Supervisor Mark Farrell to Introduce Reforms to the City’s Care Not Cash for the Homeless Program

SAN FRANCISCO – At today’s meeting of the San Francisco Board of Supervisors, Supervisor Mark Farrell will introduce an ordinance that will create a three-year rental assistance pilot project for County Adult Assistance Programs (CAAP/Care Not Cash) participants and codify a process for imposing sanctions for failures to comply with the requirements of CAAP to help keep vulnerable populations secure in their housing and lower their risk of eviction.

Supervisor Mark Farrell to Introduce Reforms to the City’s Care Not Cash for the Homeless Program

 SAN FRANCISCO – At today’s meeting of the San Francisco Board of Supervisors, Supervisor Mark Farrell will introduce an ordinance that will create a three-year rental assistance pilot project for County Adult Assistance Programs (CAAP/Care Not Cash) participants and codify a process for imposing sanctions for failures to comply with the requirements of CAAP to help keep vulnerable populations secure in their housing and lower their risk of eviction.

 

“Keeping the formerly homeless housed will continue to save our City valuable resources in the long-run and stop individuals from cycling back into homelessness,” said Supervisor Mark Farrell. “This ordinance reaffirms San Francisco’s commitment to keeping people housed through our Care not Cash program.”

 

The San Francisco Human Services Agency (HSA) administers CAAP for the City and County, which provides financial assistance and social services to indigent adults who have no other source of income or benefits. The primary goal of CAAP is to reduce homelessness and improve the health and welfare of homeless indigent adults receiving cash assistance through permanent housing opportunities and enhanced services. For CAAP participants who are placed in supportive housing through HSA’s Care not Cash program, benefits consist of placement in housing and a monthly cash grant paid directly to the participant, a portion of which is required to be used to pay rent to the housing provider.

 Currently, after a third instance in which HSA determines that a CAAP participant has failed or refused to follow the program requirements, HSA notifies the recipient that their benefits will be discontinued. Clients who become sanctioned after their third noncompliance usually have no source of income to pay rent, and therefore, have the high potential to have their housing security threatened. Dozens of individuals a year face eviction due to non-payment of rent in CAAP housing.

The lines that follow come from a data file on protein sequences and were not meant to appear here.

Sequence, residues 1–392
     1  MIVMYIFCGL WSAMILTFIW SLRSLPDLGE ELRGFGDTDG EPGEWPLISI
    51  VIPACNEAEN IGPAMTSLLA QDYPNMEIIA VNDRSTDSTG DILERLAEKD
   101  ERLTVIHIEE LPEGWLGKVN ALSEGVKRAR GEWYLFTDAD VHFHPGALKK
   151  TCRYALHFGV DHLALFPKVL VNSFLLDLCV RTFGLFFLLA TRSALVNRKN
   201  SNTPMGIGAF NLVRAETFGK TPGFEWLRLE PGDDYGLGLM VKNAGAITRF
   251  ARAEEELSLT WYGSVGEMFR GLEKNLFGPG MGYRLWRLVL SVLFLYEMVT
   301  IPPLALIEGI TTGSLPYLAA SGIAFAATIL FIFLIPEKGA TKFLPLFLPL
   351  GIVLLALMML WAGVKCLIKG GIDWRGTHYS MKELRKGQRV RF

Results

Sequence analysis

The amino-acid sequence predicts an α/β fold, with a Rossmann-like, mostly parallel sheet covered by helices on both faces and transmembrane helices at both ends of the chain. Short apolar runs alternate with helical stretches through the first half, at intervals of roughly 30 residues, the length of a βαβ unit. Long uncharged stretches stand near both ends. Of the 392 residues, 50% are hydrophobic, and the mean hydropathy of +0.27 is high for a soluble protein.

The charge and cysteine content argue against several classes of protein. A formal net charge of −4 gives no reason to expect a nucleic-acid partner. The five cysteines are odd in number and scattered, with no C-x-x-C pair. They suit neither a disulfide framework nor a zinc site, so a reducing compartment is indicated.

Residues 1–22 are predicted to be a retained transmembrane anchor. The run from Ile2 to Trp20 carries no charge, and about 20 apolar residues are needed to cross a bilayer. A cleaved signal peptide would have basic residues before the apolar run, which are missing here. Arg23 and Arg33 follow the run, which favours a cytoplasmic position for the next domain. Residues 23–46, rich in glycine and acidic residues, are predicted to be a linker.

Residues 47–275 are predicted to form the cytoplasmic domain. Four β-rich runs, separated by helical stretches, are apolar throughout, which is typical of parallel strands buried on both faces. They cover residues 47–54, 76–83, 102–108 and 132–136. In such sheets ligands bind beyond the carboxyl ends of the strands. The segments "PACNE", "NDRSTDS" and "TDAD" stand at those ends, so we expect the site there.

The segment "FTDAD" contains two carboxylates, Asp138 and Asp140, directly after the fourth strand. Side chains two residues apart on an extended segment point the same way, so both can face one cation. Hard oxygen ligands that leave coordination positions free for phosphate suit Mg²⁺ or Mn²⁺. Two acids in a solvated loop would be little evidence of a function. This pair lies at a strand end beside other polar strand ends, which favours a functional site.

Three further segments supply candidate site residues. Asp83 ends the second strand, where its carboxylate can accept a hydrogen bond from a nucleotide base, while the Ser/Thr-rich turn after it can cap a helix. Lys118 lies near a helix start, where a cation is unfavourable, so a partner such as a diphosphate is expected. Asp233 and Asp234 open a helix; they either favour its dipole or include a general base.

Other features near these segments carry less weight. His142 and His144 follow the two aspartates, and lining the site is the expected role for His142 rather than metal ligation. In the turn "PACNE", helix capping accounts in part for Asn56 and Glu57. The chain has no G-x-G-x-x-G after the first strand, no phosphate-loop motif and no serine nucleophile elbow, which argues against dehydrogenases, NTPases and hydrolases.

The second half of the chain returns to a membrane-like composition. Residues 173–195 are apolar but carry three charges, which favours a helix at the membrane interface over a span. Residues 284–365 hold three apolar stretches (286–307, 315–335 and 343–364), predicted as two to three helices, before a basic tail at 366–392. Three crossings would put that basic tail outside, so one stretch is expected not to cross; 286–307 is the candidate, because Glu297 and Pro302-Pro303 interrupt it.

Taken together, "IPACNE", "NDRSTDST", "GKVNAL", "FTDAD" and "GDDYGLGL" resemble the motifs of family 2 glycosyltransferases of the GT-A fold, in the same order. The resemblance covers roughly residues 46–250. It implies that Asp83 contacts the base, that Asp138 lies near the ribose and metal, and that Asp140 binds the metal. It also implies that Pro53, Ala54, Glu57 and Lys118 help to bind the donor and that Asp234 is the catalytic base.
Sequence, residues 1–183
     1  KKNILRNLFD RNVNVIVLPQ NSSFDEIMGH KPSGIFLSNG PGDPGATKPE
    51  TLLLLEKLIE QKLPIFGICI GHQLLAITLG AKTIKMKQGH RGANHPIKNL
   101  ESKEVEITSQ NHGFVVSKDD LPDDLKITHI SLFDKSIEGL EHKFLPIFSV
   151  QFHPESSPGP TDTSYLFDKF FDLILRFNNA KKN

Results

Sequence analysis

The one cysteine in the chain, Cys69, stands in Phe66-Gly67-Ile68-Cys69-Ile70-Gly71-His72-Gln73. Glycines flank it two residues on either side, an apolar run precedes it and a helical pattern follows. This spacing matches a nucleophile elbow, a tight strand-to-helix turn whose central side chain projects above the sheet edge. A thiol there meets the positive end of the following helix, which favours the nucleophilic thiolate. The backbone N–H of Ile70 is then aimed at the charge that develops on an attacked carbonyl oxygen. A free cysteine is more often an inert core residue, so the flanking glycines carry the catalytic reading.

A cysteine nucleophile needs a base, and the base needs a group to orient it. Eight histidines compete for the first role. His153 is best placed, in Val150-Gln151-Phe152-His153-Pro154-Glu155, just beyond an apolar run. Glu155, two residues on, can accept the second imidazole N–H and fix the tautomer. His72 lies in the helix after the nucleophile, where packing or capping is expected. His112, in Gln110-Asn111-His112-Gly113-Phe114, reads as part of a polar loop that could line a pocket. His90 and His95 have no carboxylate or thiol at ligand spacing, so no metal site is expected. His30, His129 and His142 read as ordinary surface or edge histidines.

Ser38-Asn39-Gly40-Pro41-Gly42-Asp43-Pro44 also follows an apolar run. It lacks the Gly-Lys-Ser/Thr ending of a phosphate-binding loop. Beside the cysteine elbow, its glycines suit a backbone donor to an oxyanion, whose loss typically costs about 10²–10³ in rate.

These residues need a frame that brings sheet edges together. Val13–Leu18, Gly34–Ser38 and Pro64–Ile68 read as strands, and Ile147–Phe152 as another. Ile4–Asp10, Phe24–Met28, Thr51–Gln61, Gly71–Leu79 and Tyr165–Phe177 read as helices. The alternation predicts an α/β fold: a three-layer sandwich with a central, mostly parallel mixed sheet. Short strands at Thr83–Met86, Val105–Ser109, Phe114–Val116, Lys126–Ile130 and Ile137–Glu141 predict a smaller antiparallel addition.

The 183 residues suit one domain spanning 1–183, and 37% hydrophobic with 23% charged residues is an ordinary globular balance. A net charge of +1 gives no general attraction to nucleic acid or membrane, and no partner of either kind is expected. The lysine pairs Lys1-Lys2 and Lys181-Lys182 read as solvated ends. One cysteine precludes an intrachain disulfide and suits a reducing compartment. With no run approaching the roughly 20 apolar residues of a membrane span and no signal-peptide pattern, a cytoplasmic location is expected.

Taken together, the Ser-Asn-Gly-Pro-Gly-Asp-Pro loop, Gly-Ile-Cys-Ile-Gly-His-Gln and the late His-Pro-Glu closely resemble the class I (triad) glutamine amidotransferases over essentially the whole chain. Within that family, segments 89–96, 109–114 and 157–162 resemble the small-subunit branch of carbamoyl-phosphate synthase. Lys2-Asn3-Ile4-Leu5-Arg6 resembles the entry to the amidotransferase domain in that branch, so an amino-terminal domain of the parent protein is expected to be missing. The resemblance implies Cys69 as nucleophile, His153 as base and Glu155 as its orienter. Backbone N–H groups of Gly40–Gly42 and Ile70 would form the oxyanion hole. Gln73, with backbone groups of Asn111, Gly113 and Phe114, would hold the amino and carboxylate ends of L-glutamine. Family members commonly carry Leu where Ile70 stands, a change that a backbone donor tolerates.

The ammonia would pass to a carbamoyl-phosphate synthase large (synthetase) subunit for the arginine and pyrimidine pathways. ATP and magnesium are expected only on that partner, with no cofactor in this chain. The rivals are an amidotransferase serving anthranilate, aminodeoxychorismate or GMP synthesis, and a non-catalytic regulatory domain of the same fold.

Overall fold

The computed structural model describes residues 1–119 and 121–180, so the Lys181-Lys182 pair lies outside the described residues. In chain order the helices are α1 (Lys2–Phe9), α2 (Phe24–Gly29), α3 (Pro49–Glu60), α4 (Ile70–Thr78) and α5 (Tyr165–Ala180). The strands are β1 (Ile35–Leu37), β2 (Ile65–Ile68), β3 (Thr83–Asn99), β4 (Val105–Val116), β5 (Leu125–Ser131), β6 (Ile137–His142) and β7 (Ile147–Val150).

“This pilot project, rooted in our “housing first” policy approach to reducing homelessness, will provide the right incentives for better financial management from CAAP participants and an ability to adjust the program as changes arise and are needed,” said Supervisor Mark Farrell. “

 

The intent of Supervisor Farrell’s legislation is to reduce the risk that CAAP participants will be evicted or become housing insecure. Under Supervisor Farrell’s legislation, CAAP participants who reside in HSA-funded supportive housing and have engaged in three acts of negligent failure to comply with program requirements will be ineligible to receive cash assistance for a month, but HSA will make a rental payment during that month on their behalf directly to the housing provider. During the pilot project, HSA will collect and analyze data concerning the number of individuals who receive rental assistance under the pilot project and will submit an annual report to the Board of Supervisors describing the program’s effectiveness and recommendations for improvement.

Individuals who receive rental assistance under the pilot project must:

  • Reinstate to CAAP during the first month of the sanction period in order to reestablish an income source that will allow the individual to resume rental payments the following month; and
  • Re-establish participation in a third-party rent payment service upon reinstatement to CAAP.

Individuals will not be able to qualify for rental assistance under the pilot project if the discontinuance of their benefit is due to fraud, willful noncompliance with program requirements, or loss of program eligibility due to other reasons, including increased income or assets or eligibility for another cash assistance program.

Supervisor Farrell’s legislation is expected to be heard in a Board of Supervisors Committee in early February.

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